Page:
Operations for Necrotizing Infections of Abdominal Wall and Infected Abdominal Wound Dehiscence
Necrotizing fasciitis that involves the superficial fascia of the abdominal wall produces necrosis primarily of the dead subcutaneous fat. The appearance of the overlying skin may be deceptively normal. A small area of apparent skin necrosis may be accompanied by an extensive (5–10 cm) area of necrotic subcutaneous fat. The underlying musculoaponeurotic layer often remains intact. The bacterial organisms are generally beta-hemolytic streptococci, staphylococci, or Gram-negative rods combined with anaerobes. Therapy requires the prompt excision of all of the dead subcutaneous fat and overlying skin until the surgeon encounters subcutaneous fat and skin that bleeds upon being incised. Take multiple samples of tissue and/or pus for culture and immediate Gram’s stain studies. Aitken, Mackett, and Smith advise serial studies of muscle compartment pressures (wick catheter, Sorensen Research Co., Sandy, Ohio) in patients with necrotizing diseases of the extremities.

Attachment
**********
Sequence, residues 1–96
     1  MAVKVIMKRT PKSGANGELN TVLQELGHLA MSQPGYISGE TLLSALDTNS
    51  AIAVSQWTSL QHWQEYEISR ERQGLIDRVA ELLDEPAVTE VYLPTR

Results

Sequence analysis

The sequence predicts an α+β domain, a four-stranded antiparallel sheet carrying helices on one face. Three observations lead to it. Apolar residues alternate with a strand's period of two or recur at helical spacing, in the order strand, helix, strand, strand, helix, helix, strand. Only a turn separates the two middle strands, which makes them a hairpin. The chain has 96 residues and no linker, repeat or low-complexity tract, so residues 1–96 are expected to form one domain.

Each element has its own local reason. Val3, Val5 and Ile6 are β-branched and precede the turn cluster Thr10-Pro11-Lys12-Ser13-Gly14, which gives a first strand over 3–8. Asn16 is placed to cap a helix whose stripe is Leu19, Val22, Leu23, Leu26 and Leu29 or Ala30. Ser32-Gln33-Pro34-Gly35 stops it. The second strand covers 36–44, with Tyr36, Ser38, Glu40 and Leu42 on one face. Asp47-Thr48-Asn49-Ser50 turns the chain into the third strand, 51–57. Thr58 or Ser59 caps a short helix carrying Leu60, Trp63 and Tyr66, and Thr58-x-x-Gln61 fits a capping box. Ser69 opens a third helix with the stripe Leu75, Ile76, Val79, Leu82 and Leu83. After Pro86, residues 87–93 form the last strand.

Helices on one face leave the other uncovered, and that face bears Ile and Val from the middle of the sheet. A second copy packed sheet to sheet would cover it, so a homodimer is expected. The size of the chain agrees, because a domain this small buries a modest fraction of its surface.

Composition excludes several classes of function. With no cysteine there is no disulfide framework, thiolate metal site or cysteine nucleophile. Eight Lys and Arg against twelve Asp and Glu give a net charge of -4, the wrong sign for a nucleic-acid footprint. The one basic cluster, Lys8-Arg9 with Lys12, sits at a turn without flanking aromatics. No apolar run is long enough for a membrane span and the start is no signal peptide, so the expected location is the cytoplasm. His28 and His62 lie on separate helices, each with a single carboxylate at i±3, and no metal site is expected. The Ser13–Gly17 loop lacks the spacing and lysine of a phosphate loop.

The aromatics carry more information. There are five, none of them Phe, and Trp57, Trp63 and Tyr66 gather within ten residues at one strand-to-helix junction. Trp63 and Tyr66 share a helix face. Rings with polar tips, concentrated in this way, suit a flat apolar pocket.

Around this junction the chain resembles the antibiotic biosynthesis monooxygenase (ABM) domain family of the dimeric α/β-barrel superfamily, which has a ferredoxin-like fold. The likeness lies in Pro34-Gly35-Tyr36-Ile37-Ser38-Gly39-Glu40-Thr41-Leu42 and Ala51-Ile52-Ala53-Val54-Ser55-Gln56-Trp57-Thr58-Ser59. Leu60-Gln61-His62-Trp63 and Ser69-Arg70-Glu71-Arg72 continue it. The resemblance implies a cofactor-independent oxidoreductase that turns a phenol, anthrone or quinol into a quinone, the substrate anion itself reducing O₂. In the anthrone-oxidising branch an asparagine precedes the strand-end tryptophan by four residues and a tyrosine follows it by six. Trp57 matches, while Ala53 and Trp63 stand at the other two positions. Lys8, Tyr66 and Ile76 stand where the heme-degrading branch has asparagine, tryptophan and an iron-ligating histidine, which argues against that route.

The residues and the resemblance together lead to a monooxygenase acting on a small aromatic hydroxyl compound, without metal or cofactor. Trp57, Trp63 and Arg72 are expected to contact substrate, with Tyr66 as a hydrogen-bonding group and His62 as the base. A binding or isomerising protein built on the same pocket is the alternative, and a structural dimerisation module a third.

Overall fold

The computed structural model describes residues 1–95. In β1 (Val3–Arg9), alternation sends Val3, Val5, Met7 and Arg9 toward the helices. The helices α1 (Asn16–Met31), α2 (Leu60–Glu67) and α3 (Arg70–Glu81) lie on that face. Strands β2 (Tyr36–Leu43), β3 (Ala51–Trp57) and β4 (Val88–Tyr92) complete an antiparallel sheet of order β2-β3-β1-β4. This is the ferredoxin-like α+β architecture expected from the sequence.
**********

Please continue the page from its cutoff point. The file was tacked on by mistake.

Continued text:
KeywordsCatheter Propylene Penicillin Poly Propylene Ampicillin
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